- This case considered whether certain new evidence was a ‘material fact of a decisive character’ under section 31 of the Limitation of Actions Act 1974 (LAA).
The State of Queensland and foster care agency, Life Without Barriers (LWB) (the respondents) placed a 17 year old male (XY) in the care of AB (the appellant) in 2006. After several months, the appellant discovered XY had sexually abused the appellant’s 4-year-old biological daughter (CD). The appellant was diagnosed with various mental conditions as a result of significant psychological shock.
Soon after XY was taken out of the appellant’s care, she was informed by someone at LWB that there had been an allegation XY had previously abused his sister.
The appellant consulted solicitors in 2007 and a notice of claim under the Personal Injuries Proceedings Act 2002 (Qld) (PIPA) was delivered on behalf of CD, on the basis that LWB knew, or ought to have known, of XY’s prior sexual misconduct. A psychiatrist interviewed the appellant and her daughter, and a report was obtained for a possible proceeding on CD’s behalf. The psychiatrist’s opinion was that CD had not related any conduct of a sexual nature and that CD’s account may have been affected by ‘tainting’. In 2011, the appellant’s solicitors advised her there were not favourable prospects for a claim by CD, based on the evidence and counsel’s advice.
Prior to ceasing to act for the appellant in 2011, her solicitors obtained documents from the State confirming that XY had previously been removed from his mother’s house for allegedly touching his sister and was taken to the police. The material also included Department of Child Safety records which stated LWB was aware of XY’s sexualised behaviours and there was a risk of placement with a LWB carer that had a young child.
In 2019, the appellant commenced her own PIPA claim against the respondents, alleging that LWB failed to disclose to her complaints of alleged sexual abuse by XY before she accepted the placement, and as a result of the respondents’ negligence, an unacceptable risk eventuated. In 2020, additional reports from 2006 and 2007 were disclosed which provided strong evidence that the respondents were aware of XY’s prior sexual misconduct.
Because the 3 year limitation period for the proceeding had long expired, a judge granted the appellant leave to commence proceedings pursuant to s 43 of PIPA, so that the proceeding could be commenced without completion of all of the usual pre-litigation steps. The judge ordered the appellant to apply for an extension of time pursuant to section 31 of the LAA.
The decision at first instance
The primary judge refused to extend the limitation period, finding the appellant already had a case which was worthwhile and reasonable to bring before obtaining the additional reports in 2020.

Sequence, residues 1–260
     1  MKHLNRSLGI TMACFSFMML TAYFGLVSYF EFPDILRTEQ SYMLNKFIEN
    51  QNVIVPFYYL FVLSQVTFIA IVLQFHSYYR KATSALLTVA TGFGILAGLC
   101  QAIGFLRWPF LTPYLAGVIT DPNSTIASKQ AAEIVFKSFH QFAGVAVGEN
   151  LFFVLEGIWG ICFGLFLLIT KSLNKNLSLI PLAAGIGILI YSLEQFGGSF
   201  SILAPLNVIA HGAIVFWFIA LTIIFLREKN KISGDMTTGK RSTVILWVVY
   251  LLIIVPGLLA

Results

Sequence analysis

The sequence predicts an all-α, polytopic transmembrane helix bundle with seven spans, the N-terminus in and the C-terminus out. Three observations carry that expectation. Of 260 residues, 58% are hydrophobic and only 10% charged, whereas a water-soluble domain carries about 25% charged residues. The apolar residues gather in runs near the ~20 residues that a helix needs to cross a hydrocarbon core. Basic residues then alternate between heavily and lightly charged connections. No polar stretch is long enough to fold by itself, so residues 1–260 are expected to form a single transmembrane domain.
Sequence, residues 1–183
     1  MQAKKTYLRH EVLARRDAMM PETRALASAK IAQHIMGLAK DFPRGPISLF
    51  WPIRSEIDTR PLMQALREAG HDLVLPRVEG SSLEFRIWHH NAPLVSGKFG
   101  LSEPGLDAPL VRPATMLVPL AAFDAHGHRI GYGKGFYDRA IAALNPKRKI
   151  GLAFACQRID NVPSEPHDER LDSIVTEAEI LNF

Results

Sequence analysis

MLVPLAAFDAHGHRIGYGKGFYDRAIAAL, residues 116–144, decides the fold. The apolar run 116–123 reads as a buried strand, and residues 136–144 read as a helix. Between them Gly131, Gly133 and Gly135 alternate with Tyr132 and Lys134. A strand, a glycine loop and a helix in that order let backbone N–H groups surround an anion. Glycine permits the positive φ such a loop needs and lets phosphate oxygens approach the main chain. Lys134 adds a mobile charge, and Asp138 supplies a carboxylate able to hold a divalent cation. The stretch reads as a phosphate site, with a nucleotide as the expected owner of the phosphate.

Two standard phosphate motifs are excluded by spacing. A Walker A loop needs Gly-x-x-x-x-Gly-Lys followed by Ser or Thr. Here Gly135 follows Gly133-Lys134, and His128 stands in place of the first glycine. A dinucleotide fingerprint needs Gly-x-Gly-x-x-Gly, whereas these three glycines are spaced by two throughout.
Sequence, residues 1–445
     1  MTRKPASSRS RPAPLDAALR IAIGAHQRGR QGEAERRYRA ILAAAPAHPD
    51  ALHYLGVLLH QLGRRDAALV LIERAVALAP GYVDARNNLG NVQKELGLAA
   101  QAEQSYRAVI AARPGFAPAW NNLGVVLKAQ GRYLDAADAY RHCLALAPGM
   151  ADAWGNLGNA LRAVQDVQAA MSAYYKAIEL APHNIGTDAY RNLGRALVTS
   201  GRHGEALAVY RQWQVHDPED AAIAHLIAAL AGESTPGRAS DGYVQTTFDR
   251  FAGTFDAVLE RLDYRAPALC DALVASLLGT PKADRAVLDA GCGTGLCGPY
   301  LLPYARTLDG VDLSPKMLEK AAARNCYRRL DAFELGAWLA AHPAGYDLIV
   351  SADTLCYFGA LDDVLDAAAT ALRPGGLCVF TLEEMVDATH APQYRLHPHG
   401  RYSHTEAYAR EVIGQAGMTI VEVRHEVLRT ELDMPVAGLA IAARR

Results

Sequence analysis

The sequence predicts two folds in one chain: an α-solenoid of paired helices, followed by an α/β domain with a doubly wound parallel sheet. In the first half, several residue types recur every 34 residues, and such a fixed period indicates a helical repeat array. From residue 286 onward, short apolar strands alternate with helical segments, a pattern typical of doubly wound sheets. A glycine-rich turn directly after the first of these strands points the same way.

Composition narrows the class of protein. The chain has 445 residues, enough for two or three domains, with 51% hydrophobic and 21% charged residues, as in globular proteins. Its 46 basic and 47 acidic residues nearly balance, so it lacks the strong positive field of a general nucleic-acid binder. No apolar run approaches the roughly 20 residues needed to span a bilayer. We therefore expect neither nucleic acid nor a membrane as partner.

The issues on appeal
The respondents accepted their awareness of XY’s prior misconduct was a material fact but disputed that it was of a decisive character. They also contended their awareness of XY’s prior misconduct was already within the appellant’s means of knowledge from the documents obtained by her previous solicitors.
The Decision on appeal
The Court of Appeal held the appellant’s discovery in 2020 of evidence from which it could be proved the respondents knew of XY’s misconduct before his placement with the appellant was a ‘material fact of a decisive character’ within the scope of section 31 of the LAA. Without this further evidence showing the respondents had prior knowledge of XY’s abuse, the appellant had poor prospects of success and it was reasonable for her to have not pursued a claim at an earlier time. The Court of Appeal observed that to make such a claim without evidence in support would have required an extensive factual inquiry, and this would be "a formidable task for an individual suing the State of Queensland and another well-resourced defendant".
The Court of Appeal also specifically noted that prior to receipt of the reports in March 2020, the case that the respondents had actual knowledge of XY’s history could not have been pleaded without revealing there was little or no evidence to prove the fact. Its prospects were then poor, and in the appellant’s circumstances, including that of her mental health, that was a case which she ought not to have then brought.
The appeal was allowed, and the limitation period was extended in the circumstances.
Implications for you
This case reiterates that a court may exercise its discretion to allow an extension of the limitation period under section 31 LAA on the basis of new evidence. The onus is on the applicant to satisfy the court that the claim could not have been brought earlier without such evidence.